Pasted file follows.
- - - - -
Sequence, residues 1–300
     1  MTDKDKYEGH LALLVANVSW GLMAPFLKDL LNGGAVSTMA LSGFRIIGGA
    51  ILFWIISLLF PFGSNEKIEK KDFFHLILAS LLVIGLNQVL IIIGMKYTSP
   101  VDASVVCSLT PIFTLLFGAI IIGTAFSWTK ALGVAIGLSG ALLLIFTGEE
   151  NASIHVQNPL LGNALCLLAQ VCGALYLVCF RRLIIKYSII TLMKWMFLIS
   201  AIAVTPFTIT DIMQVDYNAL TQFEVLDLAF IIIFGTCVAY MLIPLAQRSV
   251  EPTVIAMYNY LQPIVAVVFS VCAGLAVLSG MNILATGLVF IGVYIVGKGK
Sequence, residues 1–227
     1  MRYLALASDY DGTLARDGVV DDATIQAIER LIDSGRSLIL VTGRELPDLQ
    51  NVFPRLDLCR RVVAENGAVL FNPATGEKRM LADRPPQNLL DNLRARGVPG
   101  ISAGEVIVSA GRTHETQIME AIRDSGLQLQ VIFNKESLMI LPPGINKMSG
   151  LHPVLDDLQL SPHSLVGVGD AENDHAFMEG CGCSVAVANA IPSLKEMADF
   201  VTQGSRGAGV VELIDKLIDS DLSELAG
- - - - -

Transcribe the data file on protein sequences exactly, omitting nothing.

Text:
Sequence, residues 1–300
     1  MTDKDKYEGH LALLVANVSW GLMAPFLKDL LNGGAVSTMA LSGFRIIGGA
    51  ILFWIISLLF PFGSNEKIEK KDFFHLILAS LLVIGLNQVL IIIGMKYTSP
   101  VDASVVCSLT PIFTLLFGAI IIGTAFSWTK ALGVAIGLSG ALLLIFTGEE
   151  NASIHVQNPL LGNALCLLAQ VCGALYLVCF RRLIIKYSII TLMKWMFLIS
   201  AIAVTPFTIT DIMQVDYNAL TQFEVLDLAF IIIFGTCVAY MLIPLAQRSV
   251  EPTVIAMYNY LQPIVAVVFS VCAGLAVLSG MNILATGLVF IGVYIVGKGK
Sequence, residues 1–227
     1  MRYLALASDY DGTLARDGVV DDATIQAIER LIDSGRSLIL VTGRELPDLQ
    51  NVFPRLDLCR RVVAENGAVL FNPATGEKRM LADRPPQNLL DNLRARGVPG
   101  ISAGEVIVSA GRTHETQIME AIRDSGLQLQ VIFNKESLMI LPPGINKMSG
   151  LHPVLDDLQL SPHSLVGVGD AENDHAFMEG CGCSVAVANA IPSLKEMADF
   201  VTQGSRGAGV VELIDKLIDS DLSELAG